In the Washington Post, Dave McIntyre looks at how tweaks to barrels and grapes impacted the cabernet sauvignon blend at Jordan Vineyards and Winery in Sonoma County.

W. Blake Gray talks with Jennifer Simonetti-Bryan about rosé in general and her new book, Rosé Wine: The Guide to Drinking Pink in Wine-Searcher.

Does barrel fermentation improve red wine? Wines & Vines explores.

In Palate Press, Becky Sue Epstein on the wine discoveries she had on her recent trip to New Zealand, involving pinot noir, pinot gris, and syrah.

Zachary Sussman has a new Wine 101 column for Food & Wine. First up: the world of chillable reds.

Wine Reviews: Rosé

Posted by | Posted in Wine Reviews | Posted on 05-06-2017

I love a crisp, dry rosé any day of the year, but Spring and Summer are prime pink time for obvious reasons. Digging in to the first crop of last vintage’s rosé is fun yearly task, and I’ve got a whole bunch of (mostly) 2016 rosés to get your mouth watering as the weather heats up.

Some of these are very widely available (like the Chronic Cellars, Kim Crawford and Laurent-Perrier Champagne), while some (like the smaller production pinks from Virginia) aren’t easy to find. But here are my notes on a bunch of rosés that were received as trade samples and tasted sighted.  Read the rest of this entry »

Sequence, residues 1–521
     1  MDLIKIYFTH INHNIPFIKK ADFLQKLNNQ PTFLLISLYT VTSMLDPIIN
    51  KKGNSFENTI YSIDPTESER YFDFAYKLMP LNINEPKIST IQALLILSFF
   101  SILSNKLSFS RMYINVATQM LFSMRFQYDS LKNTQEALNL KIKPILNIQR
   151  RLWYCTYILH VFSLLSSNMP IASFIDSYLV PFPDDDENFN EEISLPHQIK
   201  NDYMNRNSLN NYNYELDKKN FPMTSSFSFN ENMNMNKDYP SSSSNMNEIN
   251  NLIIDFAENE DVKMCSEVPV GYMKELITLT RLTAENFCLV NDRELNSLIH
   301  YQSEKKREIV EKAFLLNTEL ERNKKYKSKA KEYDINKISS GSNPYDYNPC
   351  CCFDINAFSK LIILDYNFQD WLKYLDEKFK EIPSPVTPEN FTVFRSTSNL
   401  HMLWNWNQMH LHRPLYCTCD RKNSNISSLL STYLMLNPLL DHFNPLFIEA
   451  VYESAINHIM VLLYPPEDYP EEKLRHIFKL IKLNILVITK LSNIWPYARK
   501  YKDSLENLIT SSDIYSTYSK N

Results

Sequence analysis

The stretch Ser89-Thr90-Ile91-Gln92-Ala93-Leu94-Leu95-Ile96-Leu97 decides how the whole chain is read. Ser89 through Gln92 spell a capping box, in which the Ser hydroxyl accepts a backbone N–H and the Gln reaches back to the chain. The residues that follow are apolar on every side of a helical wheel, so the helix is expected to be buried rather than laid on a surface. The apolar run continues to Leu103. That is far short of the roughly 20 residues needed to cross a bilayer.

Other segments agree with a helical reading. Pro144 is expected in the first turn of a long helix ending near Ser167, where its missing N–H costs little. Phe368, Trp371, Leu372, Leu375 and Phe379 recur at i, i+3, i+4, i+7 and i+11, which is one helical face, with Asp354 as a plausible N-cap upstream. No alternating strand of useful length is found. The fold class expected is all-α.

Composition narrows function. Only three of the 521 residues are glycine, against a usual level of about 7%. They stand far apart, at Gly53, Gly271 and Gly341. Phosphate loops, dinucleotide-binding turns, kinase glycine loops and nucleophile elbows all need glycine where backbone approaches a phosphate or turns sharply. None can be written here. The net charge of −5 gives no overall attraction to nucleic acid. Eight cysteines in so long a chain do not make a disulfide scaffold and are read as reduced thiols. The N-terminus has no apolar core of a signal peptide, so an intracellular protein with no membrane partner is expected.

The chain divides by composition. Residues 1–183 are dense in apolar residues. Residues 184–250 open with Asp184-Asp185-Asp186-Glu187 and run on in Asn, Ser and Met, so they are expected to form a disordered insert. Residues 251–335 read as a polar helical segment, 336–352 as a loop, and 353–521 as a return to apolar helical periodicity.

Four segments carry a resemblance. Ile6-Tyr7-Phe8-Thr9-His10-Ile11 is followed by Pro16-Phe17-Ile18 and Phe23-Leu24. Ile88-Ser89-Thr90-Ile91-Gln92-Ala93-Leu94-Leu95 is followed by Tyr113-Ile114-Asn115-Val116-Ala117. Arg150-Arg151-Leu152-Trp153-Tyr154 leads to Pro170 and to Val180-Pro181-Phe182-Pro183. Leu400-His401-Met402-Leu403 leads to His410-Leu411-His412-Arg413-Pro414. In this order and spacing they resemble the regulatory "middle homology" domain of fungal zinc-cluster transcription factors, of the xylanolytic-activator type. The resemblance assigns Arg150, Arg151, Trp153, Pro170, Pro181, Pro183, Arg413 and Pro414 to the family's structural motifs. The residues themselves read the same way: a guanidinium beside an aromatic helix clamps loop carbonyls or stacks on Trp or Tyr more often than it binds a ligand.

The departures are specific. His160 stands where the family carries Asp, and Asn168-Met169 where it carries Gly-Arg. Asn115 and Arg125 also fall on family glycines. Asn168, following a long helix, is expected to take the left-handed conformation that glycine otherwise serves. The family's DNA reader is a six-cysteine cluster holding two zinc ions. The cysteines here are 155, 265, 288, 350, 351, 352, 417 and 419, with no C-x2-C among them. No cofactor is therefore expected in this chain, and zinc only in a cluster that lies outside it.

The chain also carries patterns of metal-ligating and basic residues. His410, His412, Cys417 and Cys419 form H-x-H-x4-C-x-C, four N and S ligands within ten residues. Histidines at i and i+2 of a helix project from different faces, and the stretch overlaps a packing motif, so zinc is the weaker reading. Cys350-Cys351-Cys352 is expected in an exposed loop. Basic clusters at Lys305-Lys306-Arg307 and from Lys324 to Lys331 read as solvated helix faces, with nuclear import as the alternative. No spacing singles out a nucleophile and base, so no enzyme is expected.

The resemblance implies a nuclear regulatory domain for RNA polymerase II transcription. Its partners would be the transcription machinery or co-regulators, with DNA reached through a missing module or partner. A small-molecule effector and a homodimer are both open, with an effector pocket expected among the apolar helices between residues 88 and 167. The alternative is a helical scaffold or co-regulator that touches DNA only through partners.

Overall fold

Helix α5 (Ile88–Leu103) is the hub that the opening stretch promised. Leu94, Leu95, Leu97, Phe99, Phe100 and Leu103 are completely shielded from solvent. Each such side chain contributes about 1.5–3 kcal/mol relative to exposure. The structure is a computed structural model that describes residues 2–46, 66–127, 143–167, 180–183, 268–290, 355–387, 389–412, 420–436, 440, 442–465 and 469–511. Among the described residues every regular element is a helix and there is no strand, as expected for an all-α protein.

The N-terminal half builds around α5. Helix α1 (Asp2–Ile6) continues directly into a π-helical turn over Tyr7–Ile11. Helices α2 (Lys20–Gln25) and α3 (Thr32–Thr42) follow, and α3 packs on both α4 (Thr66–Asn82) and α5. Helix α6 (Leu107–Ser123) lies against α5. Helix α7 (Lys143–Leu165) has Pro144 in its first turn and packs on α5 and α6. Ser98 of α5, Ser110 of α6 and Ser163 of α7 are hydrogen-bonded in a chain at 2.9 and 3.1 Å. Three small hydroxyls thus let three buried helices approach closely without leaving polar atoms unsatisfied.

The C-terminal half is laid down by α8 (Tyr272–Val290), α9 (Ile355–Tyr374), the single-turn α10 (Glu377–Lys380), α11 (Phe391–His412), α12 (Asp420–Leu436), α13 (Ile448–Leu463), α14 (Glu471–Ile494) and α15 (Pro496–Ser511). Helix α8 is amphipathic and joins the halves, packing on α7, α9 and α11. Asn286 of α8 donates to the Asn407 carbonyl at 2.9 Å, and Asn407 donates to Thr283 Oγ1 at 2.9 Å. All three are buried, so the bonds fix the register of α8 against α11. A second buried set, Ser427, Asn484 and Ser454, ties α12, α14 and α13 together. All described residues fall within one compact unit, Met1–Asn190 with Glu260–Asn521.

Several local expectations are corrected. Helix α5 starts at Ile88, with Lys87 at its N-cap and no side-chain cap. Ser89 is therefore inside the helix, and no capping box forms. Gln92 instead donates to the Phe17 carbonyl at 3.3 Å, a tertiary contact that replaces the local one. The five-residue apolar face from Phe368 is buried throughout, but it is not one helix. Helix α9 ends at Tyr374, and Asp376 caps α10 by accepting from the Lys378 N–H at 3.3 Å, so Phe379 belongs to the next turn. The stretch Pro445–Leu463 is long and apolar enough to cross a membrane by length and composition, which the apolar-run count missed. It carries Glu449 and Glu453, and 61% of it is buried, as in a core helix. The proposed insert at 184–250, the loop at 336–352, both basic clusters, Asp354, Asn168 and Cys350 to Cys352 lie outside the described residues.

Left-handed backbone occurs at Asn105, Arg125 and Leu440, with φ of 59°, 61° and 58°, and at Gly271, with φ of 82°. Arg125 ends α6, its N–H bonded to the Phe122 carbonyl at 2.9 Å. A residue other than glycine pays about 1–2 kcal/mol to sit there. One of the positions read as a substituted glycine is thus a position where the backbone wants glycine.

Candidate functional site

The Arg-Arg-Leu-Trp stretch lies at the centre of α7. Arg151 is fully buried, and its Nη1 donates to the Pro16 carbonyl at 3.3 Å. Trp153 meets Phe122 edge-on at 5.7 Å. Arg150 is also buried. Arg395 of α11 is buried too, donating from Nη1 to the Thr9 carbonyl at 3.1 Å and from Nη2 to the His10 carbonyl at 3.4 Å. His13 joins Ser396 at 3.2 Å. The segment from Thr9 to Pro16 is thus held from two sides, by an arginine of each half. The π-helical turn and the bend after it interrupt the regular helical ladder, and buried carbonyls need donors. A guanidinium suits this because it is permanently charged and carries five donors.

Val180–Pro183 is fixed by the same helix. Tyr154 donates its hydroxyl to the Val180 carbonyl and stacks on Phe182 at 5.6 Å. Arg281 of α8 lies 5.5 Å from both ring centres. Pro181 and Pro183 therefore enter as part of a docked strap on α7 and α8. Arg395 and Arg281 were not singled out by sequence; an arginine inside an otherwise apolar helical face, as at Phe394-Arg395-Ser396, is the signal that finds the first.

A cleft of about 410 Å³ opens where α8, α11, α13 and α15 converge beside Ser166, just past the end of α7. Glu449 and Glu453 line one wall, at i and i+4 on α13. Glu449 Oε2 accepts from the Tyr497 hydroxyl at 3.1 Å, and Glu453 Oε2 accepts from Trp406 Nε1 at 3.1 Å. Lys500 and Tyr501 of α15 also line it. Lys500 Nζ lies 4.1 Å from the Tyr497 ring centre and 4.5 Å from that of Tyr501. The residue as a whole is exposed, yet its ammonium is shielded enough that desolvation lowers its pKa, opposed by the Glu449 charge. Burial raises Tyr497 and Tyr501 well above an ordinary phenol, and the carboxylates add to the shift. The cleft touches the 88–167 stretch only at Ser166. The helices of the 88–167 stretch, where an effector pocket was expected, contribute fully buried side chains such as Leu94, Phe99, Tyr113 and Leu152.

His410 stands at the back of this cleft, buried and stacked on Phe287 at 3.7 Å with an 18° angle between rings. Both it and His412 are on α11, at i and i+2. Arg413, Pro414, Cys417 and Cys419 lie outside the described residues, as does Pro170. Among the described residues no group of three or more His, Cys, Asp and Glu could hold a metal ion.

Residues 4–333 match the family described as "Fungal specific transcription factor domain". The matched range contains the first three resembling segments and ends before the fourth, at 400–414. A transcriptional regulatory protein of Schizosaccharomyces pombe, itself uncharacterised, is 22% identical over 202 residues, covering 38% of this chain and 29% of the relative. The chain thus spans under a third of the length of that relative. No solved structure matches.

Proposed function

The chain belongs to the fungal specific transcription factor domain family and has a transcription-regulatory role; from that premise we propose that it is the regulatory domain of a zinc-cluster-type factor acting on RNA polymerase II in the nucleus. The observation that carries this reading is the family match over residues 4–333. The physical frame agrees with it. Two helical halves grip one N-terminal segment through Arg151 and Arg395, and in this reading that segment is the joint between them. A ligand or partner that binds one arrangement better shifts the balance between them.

Daily Wine News: Napa Tourism Growth

Posted by | Posted in Wine News | Posted on 05-05-2017

NapaAccording to figures released by Visit Napa Valley, Napa Valley tourism generated $1.92 billion in visitor spending in 2016, a 17.5 percent increase since the last survey was done in 2014.

Damage reports are coming in after ‘black Thursday’ and the impact looks severe, writes Jane Anson in Decanter, who also considers how Bordeaux’s worst frosts since 1991 might affect the Bordeaux 2016 en primeur campaign.

Meininger’s Ilkka Sirén considers the future of Sicilian wine. “Coincidentally, during the event the news broke out that the Italian winemaking legend Angelo Gaja is going to invest in Mount Etna. The news was received with mixed emotions; some saying a name like Gaja will bring much needed attention to Sicily, while others said that the region doesn’t need him to put Sicily on the map.”

In Wine-Searcher, James Lawrence looks at what happens when winery leadership is transferred from one generation to the next, and why it doesn’t always go smoothly.

In the Los Angeles Times, Patrick Comiskey profiles Helen Johannesen, who oversees the wine programs at various L.A. restaurants.

In Washington City Paper, Jessica Strelitz looks at the challenges, changes, and potential the Maryland wine industry faces.

In Forbes, Susan H. Gordon on why the most captivating rosés still come from Provence.

Fiona Beckett says there are gems to be found in Australia’s Hunter Valley in the Guardian.

Daily Wine News: A Wine For Kings

Posted by | Posted in Wine News | Posted on 05-04-2017

A bottle of red Coteaux Champenois wine. (Wikimedia)

A bottle of red Coteaux Champenois wine. (Wikimedia)